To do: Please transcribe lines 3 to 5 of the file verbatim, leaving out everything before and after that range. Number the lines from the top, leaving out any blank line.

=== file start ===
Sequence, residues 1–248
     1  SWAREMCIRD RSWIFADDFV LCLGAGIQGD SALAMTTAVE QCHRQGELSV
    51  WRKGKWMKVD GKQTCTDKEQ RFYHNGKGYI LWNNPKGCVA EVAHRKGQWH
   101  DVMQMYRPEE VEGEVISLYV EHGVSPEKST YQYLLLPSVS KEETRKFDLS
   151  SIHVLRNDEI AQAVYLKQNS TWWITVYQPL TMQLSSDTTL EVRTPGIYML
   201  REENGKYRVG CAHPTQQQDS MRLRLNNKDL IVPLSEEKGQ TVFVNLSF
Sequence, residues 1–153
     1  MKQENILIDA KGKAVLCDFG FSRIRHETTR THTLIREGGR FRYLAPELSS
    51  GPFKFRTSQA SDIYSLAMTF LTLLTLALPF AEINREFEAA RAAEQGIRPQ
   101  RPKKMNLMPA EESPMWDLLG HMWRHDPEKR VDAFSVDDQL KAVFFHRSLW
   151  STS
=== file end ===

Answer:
    51  WRKGKWMKVD GKQTCTDKEQ RFYHNGKGYI LWNNPKGCVA EVAHRKGQWH
   101  DVMQMYRPEE VEGEVISLYV EHGVSPEKST YQYLLLPSVS KEETRKFDLS
   151  SIHVLRNDEI AQAVYLKQNS TWWITVYQPL TMQLSSDTTL EVRTPGIYML